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# Q = c delta t......

1. Is this equation used to find the specific heat capactiy of the apparatus (where Q is the heat evolved in the reaction, and delta t is the temperature change in the reaction).
2. Doubt it since C is the specific heat capacity of water.
3. (Original post by Carlo08)
Doubt it since C is the specific heat capacity of water.
no c just means specific heat capacity.
4. Well you wouldnt be expected to work out the specific heat capacity of the apparatus, thats if they actually have one :s
5. (Original post by Carlo08)
Well you wouldnt be expected to work out the specific heat capacity of the apparatus, thats if they actually have one :s
The apparatus will of course have a specific heat capacity, all materials do. However I don't see why you would want to find it. If you were to need the specific heat capacity of the apparatus then the equation would be something more along the lines of:

where m is the mass of the material in question, note that the apparatus would have to be all made of the same material, which makes me think that the question is a little spurious...
6. Isn't it where is the change in temperature?
7. The equation I've used is E = mc(delta)t

Q = energy used/needed
m = mass of thing heated
C = specific heat capacity of thing heated
t = change in temp

So, if you are given the start temp, the final temp, the mass and the specific heat capacity, you can find the energy needed/used.

If you're given all but one of the others, you can work out the remaining one by rearranging the formula.
8. To find the heat capacity of a vessel, you carry out a known thermodynamics reaction, say the neutralisation of strong acid and base, for which you know the theoretical energy change.
When your measured energy change is lower for the solutions, you can factor the missing energy into the apparatus as a calibration.

example

For 50cm3 1M HCL + 50cm3 1M NaOH you would expect 57 x 0.05 = 2.85 kJ of energy released. This should cause the 100g of solution to increase in temperature by ( E = mcdeltaT)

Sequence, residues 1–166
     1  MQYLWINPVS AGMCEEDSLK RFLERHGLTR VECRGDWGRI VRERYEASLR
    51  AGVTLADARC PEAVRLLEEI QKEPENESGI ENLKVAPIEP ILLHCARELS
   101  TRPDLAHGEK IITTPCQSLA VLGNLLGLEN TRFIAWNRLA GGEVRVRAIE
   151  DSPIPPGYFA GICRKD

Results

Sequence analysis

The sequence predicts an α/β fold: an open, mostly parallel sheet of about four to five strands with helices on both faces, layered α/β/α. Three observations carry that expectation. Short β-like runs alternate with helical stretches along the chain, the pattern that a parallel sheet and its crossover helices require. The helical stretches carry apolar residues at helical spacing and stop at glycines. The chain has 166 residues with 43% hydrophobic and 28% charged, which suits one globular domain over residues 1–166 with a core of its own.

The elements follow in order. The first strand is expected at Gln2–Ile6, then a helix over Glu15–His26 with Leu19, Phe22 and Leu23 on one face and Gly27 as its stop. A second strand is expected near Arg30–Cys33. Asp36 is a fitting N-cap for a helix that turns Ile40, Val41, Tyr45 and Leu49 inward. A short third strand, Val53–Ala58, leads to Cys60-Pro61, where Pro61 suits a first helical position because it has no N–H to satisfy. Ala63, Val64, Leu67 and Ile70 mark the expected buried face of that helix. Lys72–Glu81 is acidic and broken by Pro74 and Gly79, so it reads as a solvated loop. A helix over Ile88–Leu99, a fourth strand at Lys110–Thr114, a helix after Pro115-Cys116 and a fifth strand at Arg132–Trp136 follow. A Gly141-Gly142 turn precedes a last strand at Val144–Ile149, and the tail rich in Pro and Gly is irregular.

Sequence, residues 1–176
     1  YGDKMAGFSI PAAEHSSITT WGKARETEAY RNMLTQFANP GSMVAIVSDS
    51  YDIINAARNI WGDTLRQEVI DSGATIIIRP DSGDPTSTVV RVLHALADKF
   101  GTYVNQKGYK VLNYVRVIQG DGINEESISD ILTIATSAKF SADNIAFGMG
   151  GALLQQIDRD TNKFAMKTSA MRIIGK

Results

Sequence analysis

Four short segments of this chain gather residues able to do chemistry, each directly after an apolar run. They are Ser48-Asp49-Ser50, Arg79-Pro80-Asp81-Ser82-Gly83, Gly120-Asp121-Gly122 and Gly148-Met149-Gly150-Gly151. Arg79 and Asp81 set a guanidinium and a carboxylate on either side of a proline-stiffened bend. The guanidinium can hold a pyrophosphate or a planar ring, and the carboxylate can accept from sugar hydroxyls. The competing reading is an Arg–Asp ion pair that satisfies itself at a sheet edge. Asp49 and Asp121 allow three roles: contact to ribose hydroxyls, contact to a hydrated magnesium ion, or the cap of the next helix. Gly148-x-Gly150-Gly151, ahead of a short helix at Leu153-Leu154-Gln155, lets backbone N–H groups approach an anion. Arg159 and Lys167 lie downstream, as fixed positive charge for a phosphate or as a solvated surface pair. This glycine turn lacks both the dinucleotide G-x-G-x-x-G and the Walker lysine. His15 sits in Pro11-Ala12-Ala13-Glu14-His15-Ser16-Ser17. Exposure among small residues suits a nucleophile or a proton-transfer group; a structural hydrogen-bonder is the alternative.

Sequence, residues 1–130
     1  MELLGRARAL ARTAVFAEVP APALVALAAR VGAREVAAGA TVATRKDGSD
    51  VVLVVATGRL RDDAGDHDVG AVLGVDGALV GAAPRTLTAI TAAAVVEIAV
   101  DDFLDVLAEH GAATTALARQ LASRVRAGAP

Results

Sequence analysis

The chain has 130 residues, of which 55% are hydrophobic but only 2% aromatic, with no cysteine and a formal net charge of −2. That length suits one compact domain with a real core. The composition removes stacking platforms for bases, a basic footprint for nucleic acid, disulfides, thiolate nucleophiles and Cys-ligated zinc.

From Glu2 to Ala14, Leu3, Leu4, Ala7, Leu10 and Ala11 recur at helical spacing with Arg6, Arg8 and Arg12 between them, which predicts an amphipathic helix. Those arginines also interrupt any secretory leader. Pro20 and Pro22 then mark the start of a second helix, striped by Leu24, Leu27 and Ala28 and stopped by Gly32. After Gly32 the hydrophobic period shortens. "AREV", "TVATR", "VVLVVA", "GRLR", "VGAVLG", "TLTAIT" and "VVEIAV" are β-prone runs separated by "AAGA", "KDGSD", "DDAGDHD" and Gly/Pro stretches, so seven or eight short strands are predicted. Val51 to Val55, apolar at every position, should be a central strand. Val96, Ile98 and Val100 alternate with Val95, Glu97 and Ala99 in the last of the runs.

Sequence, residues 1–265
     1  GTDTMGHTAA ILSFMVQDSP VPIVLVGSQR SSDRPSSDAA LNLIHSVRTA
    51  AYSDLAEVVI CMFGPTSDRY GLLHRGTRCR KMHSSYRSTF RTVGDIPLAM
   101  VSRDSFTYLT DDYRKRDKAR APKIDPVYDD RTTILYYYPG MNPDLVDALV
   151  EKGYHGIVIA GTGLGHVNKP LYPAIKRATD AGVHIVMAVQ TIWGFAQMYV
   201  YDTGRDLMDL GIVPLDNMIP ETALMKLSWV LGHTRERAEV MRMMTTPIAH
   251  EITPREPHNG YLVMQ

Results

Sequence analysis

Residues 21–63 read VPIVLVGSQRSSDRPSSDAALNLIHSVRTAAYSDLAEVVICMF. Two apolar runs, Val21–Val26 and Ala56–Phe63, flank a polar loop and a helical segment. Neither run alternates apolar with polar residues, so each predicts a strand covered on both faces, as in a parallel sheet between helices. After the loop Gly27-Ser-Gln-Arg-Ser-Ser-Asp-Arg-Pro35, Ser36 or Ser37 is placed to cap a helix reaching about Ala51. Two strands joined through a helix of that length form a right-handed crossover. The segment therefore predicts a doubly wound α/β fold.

delta T = 2.85 /(4.2 x 0.1) = 6.8 ºC

However, if your experiment only registers a 5º increase in temperature then you can say that 1.8º (using E='worth' of energy has been lost). This corresponds to 1.8/6.8 x100 percent of the energy lost = 26.5% which is 26.5/100 x 2.85 = 0.75 kJ

So your apparatus itself 'lost' 0.75 kJ for an increase of 6.8ºC

That means that it willl lose approximately 0.75/6.8 = 0.11 kJ per ºC change.

This is the calibration heat capacity (c') of your apparatus which can now be used for other experiments.

Total energy = mcdeltaT (solutions) + c'deltaT (apparatus)
9. Q= m*c*delta theta.
where,
Q is the heat enery
m is the mass
c is the specific heat capacity
Delta theta or T is the change in temp

Now m*c=C which is the thermal capacity.

This is what I know.
10. theta = delta T

there is no 'delta theta'
11. (Original post by charco)
To find the heat capacity of a vessel, you carry out a known thermodynamics reaction, say the neutralisation of strong acid and base, for which you know the theoretical energy change.
When your measured energy change is lower for the solutions, you can factor the missing energy into the apparatus as a calibration.

example

For 50cm3 1M HCL + 50cm3 1M NaOH you would expect 57 x 0.05 = 2.85 kJ of energy released. This should cause the 100g of solution to increase in temperature by ( E = mcdeltaT)

delta T = 2.85 /(4.2 x 0.1) = 6.8 ºC

However, if your experiment only registers a 5º increase in temperature then you can say that 1.8º (using E='worth' of energy has been lost). This corresponds to 1.8/6.8 x100 percent of the energy lost = 26.5% which is 26.5/100 x 2.85 = 0.75 kJ

So your apparatus itself 'lost' 0.75 kJ for an increase of 6.8ºC

That means that it willl lose approximately 0.75/6.8 = 0.11 kJ per ºC change.

This is the calibration heat capacity (c') of your apparatus which can now be used for other experiments.

Total energy = mcdeltaT (solutions) + c'deltaT (apparatus)

THANK YOU!

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